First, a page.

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Title:Studies on independent directors and corporate governance reforms in Taiwan
Author(s):Chou, Cheng-Fong
Director of Research:Garoupa, Nuno
Doctoral Committee Chair(s):Garoupa, Nuno
Doctoral Committee Member(s):Aviram, Amitai; Hurt, Christine; Lawless, Robert M.
Department / Program:Law
Degree Granting Institution:University of Illinois at Urbana-Champaign
Subject(s):independent director
corporate governance
audit committee
Abstract:Taiwan introduced the institution of independent directors in early 2000s in order to deal with the ill-designed internal governance system in its Company Act. Although such an institution has long been advocated as a good governance practice by the U.S corporate conventional wisdom, how it would work and how it has been working in Taiwan is very debatable. Generally, the concept of independent directors remains relatively unfamiliar to most Taiwanese companies. Statistics data indicate that majority of Taiwanese listed companies have never hired independent directors, and almost no companies have independent directors to comprise a majority of boards of directors. These facts imply that such an institution has not been so desirable in practice. Theoretically, it is believed that independent directors will face some inherent limitations while carrying out their monitoring tasks. The most serious issue is true independence of independent directors from management, even with several mechanisms attempting to ensure their independence. Under Taiwan’s current laws and regulations, independent directors have few chances getting rid of controlling shareholders’ influence. Hence, it seems unrealistic to expect that independent directors will be able to work in a manner that detects and prevents the wrongdoing of controlling shareholders and their affiliates. In addition, some features of Taiwan’s capital market and the legal environment as a whole, will leave little hope for independent directors as effective monitors. However, this dissertation conducts an empirical project finding significant correlation between the presence of independent directors and firm performance in Taiwanese listed electronic companies, which suggests that independent directors may make positive contributions to companies on whose boards they serve. With the presence of block-holders, the regression results suggest that the presence of independent directors has significant and negative association with firm performance. This suggests that the coexistence of independent directors and block-holders may become a problem for companies. This is also consistent with the argument that independent directors are not likely to be effective monitors at the presence of controlling shareholders (or block-holders). In short, the ubiquitous presence of controlling shareholders in Taiwanese companies remains a difficult problem for Taiwan’s corporate governance. After the introduction of independent directors, how to make them effectively function as expected with the presence of controlling shareholders will be tremendously important. Taiwanese policymakers should take this into consideration in making future policy of independent directors for Taiwan. Currently, Taiwan is in an experimental stage regarding this institution, and has been trying to create a friendly environment for independent directors. It is unclear whether this institution will function as an effective monitor in a satisfying manner in the future. Taiwan has not been struck by serious scandals since the Reba scandal. Politically speaking, policymakers may not have much pressure from the voters as a kind of momentum for a more ambitious policy with respect to corporate governance, and it is likely that current policy of independent directors will be sustained for a while, unless another harmful scandal strikes Taiwan again.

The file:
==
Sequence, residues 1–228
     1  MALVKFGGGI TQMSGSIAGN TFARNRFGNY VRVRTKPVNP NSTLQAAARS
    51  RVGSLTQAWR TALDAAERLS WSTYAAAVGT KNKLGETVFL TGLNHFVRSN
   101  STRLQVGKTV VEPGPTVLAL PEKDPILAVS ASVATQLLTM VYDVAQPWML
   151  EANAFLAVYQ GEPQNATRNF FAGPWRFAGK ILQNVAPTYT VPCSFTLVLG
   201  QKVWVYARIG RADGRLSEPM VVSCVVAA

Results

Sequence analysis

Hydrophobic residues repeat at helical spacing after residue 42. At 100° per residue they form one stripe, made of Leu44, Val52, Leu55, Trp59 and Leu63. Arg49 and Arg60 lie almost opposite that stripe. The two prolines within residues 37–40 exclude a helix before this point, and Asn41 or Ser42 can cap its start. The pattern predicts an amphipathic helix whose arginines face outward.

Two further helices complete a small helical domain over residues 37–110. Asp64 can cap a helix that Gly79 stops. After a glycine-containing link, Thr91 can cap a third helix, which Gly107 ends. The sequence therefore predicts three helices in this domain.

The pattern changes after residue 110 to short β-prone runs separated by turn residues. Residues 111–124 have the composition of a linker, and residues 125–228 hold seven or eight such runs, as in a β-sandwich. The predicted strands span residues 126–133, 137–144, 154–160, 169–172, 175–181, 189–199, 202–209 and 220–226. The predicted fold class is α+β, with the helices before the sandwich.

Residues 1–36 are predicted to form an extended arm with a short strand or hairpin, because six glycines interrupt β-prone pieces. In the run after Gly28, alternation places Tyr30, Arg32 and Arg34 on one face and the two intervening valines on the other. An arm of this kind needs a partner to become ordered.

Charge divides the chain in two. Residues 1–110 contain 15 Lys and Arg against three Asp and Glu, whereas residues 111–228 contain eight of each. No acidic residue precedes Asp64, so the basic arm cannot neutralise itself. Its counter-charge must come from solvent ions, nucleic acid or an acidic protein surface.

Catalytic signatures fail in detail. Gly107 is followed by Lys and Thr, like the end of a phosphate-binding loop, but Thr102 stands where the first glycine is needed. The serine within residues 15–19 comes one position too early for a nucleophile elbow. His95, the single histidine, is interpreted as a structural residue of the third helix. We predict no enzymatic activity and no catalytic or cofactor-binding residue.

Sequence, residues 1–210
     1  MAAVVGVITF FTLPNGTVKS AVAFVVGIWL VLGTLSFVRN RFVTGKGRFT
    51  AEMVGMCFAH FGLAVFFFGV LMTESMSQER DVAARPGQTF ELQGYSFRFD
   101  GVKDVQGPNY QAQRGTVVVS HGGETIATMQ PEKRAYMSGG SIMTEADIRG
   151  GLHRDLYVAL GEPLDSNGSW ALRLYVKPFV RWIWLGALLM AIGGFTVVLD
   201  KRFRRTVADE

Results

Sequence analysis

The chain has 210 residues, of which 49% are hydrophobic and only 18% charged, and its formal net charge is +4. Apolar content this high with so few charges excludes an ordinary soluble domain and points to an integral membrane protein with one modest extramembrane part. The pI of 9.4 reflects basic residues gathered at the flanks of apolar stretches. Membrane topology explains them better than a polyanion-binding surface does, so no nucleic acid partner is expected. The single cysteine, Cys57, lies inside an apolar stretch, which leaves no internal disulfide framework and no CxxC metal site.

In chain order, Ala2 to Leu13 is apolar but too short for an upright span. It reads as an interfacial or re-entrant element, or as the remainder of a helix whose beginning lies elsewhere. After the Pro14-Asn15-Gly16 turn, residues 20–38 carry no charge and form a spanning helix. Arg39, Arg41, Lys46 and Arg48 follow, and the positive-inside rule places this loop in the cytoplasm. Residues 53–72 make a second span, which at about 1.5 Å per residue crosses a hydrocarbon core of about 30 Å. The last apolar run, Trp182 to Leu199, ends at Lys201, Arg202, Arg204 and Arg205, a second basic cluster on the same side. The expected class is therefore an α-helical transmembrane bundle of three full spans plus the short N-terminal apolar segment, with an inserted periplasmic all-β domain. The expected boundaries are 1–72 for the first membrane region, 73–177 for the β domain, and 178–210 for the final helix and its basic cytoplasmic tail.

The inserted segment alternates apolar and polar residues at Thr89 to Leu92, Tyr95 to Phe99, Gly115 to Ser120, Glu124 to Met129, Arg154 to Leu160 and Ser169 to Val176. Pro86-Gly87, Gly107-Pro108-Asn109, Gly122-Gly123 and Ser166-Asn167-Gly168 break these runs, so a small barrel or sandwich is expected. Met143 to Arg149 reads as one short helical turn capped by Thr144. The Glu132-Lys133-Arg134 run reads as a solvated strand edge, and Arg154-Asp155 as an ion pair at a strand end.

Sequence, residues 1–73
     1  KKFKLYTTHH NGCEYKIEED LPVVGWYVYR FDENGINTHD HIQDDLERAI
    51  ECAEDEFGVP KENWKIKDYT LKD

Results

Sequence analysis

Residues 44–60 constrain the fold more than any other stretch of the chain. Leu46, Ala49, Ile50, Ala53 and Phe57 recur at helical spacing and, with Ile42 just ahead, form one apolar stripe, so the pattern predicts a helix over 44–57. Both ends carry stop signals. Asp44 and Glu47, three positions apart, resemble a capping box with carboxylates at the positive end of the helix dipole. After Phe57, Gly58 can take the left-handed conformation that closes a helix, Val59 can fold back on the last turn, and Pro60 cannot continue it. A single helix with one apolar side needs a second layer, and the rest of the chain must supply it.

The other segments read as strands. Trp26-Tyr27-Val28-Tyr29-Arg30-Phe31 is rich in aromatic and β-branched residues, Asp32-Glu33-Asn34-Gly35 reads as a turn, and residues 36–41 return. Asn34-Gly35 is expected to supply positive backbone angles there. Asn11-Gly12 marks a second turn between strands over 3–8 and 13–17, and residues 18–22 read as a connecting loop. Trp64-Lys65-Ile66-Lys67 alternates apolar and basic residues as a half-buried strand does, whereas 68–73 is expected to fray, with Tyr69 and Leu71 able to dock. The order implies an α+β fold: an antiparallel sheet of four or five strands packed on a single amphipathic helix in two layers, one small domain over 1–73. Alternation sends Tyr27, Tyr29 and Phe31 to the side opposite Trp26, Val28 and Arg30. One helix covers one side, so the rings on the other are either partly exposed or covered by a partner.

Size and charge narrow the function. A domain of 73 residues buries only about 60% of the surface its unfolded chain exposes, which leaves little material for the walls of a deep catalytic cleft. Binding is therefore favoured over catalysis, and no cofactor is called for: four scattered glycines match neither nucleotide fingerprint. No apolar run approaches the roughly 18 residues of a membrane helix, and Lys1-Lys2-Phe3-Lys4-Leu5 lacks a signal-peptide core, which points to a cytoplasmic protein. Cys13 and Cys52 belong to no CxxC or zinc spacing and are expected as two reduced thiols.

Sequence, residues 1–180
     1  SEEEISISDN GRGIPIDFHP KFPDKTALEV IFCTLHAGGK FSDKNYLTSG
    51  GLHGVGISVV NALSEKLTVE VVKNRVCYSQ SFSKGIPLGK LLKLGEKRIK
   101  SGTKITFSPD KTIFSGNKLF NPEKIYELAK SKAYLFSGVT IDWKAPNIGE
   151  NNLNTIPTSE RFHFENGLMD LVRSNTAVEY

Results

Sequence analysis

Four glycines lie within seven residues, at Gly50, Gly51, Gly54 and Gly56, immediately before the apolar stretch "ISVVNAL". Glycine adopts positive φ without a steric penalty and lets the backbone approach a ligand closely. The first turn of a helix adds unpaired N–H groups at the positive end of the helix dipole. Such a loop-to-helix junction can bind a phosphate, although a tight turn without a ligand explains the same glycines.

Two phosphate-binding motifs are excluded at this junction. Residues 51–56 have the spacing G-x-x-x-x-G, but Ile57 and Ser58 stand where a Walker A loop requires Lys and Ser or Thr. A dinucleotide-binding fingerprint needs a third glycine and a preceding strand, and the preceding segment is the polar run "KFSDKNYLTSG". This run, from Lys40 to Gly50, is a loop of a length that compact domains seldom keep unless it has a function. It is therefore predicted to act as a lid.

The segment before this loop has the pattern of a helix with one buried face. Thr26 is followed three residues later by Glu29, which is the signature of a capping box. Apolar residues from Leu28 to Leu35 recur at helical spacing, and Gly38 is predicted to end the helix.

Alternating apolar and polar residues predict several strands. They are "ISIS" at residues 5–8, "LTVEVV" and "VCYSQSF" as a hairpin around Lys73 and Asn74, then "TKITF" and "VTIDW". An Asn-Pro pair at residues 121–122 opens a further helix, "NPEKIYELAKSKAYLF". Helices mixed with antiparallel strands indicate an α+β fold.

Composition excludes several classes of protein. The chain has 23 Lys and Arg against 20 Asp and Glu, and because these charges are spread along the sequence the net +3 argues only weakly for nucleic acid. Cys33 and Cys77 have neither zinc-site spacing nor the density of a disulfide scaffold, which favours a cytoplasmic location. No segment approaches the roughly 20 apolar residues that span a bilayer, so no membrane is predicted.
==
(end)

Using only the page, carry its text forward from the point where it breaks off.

Issue Date:2012-06-27
Rights Information:Copyright 2012 Cheng-Fong Chou
Date Available in IDEALS:2014-06-28
Date Deposited:2012-05

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